Broke Down in Struggle Town

For those readers who have been following my Youtube channel, you know my work doesn’t always go as smoothly, or in the direction I anticipated. Choosing a research project can be like picking a car from the lemon lot. What’s a historian to do when she finds herself broke down in Struggle Town? Ask for help from a professor, maybe even quit one project and pick up another, but never, under any circumstances should she kick her car’s tires.  

This week my professor gave the class a few tips to help us get Struggle Town in the rear-view mirror. As with most suggestions, there were a few ideas that had already been tried, and there were a few fresh ideas. 

Although I had looked at Chronicling America, the Library of Congress’ digital newpaper collection, I hadn’t found anything. My professor suggested using the “Advanced Search” option. After a few attempts I got a hit. An article about a few soldiers drowning in a ferry accident. I tried to find more, changed my keywords based on the article I had found, and nothing. But I had one more article than I had before, so I took it and put the car in gear. 

The next tip took me to the Washington State Department of Archeology and Historic Preservation. I used the sight’s WISAARD in an attempt to track down additional information about St. Paul’s Mission. I went with level one access because it didn’t require a password. As I typed in the search window it automatically populated the drop-down with options. I was excited when the mission I wanted came up. I pressed “enter” and a dot appeared on the screens map. I clicked on the dot, “no information available” came up in a small box. That didn’t make any sense. I’d read an archaeological report from the mission. Why wasn’t that information on the site? Time to level up. What access would level two grant me? Turns out I didn’t meet any of the requirements to get a password. Not even as an “academic researcher.” The three-page user agreement said, “DAHP requires the User to submit vita and copy of Graduate diploma or transcripts documenting User meets these standards. Theses, dissertations and/or peer reviewed journal articles can demonstrate research. DAHP reserves the right to request additional supporting information.” I started to feel like I couldn’t get the car in second gear. With agreements like the one above, shouldn’t there be more people in Struggle Town?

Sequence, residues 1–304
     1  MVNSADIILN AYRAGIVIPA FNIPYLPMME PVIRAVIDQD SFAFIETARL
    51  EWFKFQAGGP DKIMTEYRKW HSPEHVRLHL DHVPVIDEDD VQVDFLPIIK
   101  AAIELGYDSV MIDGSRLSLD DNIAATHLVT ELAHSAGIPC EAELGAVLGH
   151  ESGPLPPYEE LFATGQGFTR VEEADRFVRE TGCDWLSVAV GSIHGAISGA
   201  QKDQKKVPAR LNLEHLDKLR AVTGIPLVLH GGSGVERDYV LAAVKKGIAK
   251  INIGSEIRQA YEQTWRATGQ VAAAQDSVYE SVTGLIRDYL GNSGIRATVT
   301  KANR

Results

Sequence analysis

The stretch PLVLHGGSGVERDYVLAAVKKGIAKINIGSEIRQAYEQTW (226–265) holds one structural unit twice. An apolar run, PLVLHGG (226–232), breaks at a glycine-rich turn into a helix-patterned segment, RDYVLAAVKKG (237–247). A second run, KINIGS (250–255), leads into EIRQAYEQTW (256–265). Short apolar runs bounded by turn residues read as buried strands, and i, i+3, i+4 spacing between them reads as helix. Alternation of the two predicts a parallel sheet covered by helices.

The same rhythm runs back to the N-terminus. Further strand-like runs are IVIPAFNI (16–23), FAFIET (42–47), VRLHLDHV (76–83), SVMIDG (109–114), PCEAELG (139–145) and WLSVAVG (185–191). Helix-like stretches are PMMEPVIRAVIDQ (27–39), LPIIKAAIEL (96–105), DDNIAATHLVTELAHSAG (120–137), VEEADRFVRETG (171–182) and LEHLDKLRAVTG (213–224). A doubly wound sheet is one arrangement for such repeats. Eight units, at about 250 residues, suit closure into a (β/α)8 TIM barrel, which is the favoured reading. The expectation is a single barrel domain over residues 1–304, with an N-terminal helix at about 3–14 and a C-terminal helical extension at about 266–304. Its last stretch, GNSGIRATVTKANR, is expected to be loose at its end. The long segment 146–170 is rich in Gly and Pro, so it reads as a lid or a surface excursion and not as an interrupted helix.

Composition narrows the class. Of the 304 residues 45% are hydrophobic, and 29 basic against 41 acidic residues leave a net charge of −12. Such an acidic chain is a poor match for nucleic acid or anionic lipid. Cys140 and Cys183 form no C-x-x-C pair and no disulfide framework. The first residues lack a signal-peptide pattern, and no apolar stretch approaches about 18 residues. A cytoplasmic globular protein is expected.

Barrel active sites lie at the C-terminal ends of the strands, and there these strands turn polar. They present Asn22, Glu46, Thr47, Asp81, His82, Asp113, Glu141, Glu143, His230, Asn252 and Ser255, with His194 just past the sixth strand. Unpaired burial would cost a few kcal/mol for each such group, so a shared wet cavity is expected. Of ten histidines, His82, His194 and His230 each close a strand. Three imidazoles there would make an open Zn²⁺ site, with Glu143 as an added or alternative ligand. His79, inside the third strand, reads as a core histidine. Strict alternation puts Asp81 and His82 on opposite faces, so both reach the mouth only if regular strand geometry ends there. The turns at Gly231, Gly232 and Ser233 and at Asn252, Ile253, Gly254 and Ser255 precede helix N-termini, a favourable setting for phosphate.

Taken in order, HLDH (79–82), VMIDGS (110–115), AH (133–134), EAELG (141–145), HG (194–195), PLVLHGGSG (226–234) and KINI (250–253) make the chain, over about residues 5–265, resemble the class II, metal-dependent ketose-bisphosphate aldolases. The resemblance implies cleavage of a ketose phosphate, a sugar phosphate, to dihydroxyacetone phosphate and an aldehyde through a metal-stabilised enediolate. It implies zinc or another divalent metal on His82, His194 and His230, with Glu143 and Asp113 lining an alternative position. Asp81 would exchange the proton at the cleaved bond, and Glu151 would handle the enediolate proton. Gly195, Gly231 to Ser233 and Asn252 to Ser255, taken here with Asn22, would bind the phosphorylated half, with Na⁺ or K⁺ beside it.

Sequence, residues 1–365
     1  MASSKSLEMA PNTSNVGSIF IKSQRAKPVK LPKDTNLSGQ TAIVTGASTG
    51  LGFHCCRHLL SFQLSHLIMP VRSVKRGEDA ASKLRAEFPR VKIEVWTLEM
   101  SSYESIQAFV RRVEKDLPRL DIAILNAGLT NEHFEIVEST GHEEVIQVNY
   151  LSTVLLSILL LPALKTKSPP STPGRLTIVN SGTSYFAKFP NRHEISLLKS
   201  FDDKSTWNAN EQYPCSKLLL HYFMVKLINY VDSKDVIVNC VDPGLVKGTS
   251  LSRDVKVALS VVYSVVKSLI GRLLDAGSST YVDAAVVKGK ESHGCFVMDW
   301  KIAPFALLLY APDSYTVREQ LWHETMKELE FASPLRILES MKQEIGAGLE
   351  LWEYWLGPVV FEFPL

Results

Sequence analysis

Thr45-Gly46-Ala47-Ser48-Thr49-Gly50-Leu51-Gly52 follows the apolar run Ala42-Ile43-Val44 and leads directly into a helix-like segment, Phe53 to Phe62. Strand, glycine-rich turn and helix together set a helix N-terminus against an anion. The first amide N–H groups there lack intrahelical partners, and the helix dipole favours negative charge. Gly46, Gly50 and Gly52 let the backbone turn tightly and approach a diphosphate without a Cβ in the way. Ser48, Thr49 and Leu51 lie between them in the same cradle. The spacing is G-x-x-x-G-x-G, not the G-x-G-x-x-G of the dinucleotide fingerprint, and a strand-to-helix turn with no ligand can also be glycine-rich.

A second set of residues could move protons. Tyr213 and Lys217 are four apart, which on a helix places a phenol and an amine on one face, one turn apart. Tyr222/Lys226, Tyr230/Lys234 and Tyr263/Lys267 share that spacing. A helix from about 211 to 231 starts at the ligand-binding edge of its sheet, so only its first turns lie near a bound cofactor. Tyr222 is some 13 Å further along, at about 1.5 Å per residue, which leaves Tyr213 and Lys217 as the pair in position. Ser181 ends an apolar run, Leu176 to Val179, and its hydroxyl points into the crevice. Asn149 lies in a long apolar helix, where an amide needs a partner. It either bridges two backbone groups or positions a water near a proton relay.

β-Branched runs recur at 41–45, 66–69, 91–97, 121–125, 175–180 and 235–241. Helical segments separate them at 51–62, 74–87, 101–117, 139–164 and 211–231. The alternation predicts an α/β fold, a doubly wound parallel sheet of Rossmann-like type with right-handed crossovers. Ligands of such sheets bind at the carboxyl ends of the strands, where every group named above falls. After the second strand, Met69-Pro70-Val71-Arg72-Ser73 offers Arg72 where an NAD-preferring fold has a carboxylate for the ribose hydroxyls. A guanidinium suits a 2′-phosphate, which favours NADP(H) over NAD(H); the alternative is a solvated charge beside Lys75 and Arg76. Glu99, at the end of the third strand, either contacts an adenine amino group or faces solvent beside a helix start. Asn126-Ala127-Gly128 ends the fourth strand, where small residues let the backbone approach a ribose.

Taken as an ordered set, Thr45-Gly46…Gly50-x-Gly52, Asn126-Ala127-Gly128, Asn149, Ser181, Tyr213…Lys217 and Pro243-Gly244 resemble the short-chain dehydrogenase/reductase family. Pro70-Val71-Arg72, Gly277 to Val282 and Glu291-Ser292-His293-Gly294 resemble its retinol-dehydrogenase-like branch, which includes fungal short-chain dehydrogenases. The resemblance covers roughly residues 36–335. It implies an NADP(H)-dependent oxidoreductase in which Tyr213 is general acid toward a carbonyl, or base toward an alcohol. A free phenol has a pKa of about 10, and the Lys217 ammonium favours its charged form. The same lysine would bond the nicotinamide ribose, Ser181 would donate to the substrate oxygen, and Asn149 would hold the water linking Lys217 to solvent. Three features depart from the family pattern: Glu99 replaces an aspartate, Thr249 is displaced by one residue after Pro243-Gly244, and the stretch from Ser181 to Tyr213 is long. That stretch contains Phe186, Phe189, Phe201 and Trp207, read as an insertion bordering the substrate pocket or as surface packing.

There was still one tip left on my professor’s list. The National Register of Historic Places. After a few attemps, I had a hit. But, the record was not digitized. The Metadata indicated that it was the mission I’d been looking for. The information is out there. Somewhere. There was a renewed sense of hope.

So Struggle Town wasn’t disappearing from view with each keystroke but I had information I didn’t have before my professor’s help. I’m not ready to move on from these projects, but that option remains on the table. Why? Because I’ve got a deadline to meet and if this car isn’t going to get me out of Struggle Town, then I might have to walk. 


2 thoughts on “Broke Down in Struggle Town”

  1. I really want to hear this blog post as a country song. 😉 That’s crazy that the DAHP wants so much background material before they’ll give someone access. Haven’t they seen the rest of the internet? Glad you had some luck with other sources. And you’re definitely not the only one stuck in first gear. Looking forward to sharing notes on drafts this week.

  2. I love that you wrote your frustrations in this format. Makes for an entertaining read although I’m sorry about the difficulty you’re having with a few of these topics. I am a bit shocked at the DAHP, a three page user agreement is very bizarre. Maybe we could get some clarification as to why this is such a protected database in class


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